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Super Bowl Ads Online: Great for Those Who Watch the Game for the Ads!

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Sick of the game? Just watch the ads!

For millions of football fans across the country, Super Bowl Sunday is a chance to see the best two teams in the entire game duke it out to see who's number one. For the rest of the nation, the Super Bowl is all about the ads. And this year, CBS has decided to cut out the game entirely for those who don't care about the football game and just stream the ads. Yes, just the ads and only the ads, directly to the consumers who want them.

All Ads, All The Time

It sounds like a satirical comedy piece shared on Facebook, but it's completely real. The ads will be streamed live online as they debut, all but obliterating the line between watching the game just for the ads and watching just the ads.

In some ways, this makes perfect sense for CBS. The cost of a Super Bowl ad spot is high, and companies often attempt to quickly recoup it by posting ads on YouTube soon after the game finishes airing. That's viewers CBS loses to YouTube and the wider Internet. But by being the first source of ads, and letting people see them before any other platform, CBS is regaining some of the crucial eyeballs that are increasingly drifting from the Super Bowl, even as it remains the single most popular program aired on TV.

And for marketing departments, of course, it's a great added value. One of the unspoken truths about the Super Bowl is that it may draw nearly a third of the population of the United States to sit down and watch the game, but not everybody sits down and watches the ads. While the urban legend about halftime putting a strain on toilet systems in major cities is untrue, it is true that an ad break is a snack or bathroom break for many viewers. Now they'll have two sets of data; who's watching the game and who shows up for the ads.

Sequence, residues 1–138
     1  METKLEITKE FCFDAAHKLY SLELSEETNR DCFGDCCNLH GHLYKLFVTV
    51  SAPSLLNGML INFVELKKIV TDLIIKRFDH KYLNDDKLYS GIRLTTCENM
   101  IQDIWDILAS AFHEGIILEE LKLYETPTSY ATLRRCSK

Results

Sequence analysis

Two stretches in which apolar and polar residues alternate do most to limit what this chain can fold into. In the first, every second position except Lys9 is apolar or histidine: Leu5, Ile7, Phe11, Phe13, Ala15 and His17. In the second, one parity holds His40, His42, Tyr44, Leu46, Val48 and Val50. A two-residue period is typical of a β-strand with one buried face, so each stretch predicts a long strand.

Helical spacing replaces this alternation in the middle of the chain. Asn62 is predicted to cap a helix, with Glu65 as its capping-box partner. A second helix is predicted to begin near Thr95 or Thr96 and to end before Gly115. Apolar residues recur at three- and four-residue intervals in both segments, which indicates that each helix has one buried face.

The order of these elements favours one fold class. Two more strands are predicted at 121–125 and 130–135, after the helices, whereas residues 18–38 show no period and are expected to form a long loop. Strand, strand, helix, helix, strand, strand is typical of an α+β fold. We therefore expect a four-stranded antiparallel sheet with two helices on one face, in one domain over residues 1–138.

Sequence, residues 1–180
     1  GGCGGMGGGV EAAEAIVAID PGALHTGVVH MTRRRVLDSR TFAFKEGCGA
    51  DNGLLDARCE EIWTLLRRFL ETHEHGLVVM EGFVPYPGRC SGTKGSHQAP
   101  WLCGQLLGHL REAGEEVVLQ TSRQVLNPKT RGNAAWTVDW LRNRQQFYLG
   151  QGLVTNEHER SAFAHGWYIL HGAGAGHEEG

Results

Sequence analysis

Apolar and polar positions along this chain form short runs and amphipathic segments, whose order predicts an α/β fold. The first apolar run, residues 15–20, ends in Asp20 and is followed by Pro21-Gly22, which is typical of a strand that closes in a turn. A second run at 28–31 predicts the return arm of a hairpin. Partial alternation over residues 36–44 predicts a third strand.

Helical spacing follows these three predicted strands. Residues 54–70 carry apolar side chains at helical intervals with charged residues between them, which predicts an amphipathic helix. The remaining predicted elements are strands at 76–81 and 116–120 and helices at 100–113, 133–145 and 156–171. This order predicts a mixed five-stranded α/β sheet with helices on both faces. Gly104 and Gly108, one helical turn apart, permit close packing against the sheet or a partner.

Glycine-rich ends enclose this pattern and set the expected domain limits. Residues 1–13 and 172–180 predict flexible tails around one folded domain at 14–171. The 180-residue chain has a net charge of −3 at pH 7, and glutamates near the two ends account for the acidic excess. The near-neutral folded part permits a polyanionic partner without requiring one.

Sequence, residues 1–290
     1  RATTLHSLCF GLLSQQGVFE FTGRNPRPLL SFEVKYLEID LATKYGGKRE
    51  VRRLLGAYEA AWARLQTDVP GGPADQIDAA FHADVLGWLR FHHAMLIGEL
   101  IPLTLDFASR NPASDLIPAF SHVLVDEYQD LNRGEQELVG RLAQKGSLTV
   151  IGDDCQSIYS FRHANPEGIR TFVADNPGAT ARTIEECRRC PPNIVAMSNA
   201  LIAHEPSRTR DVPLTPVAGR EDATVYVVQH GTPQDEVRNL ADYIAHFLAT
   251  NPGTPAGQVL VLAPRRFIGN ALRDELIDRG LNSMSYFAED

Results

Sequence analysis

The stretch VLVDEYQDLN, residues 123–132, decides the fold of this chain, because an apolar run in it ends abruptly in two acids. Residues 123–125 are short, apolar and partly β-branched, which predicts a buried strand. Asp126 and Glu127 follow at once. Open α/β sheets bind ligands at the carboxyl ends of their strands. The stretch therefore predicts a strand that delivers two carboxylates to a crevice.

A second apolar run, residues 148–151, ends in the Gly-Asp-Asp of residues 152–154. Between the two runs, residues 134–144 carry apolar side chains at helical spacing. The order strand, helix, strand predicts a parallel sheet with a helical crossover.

Of course, that might open a whole new set of questions. And not even CBS might have the answers.

Here For The Ads?

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What happens to ads, when they're available at the click of a fingertip?

Easily the greatest issue is which number advertisers should believe more. After all, CBS will know exactly how many people are logging into their website to watch ads premiere, and advertisers will have those numbers as well. But they'll also have the ratings for the game, and will have to weigh the precise numbers CBS can provide with the increasingly imprecise numbers that the Nielsens offer to gauge how effective their ads are. Which should they use? Which set of numbers tells them the overall impact?

For advertisers, the numbers may raise an even greater question for the future; if digital ads perform so much better, a difference that can be quantified with views, sales leads, and all the other hard data they increasingly crave ... then why advertise on TV at all?

This is all projected for the future, of course. For now, CBS is just doing a big favor for those who want to see the ads and don't want to wait for the uploads to YouTube. But don't be surprised if this favor has major ramifications. If you're ready to see what digital can do for you, learn how the video ad platform works and how it could be right for you.

  • Topic: news

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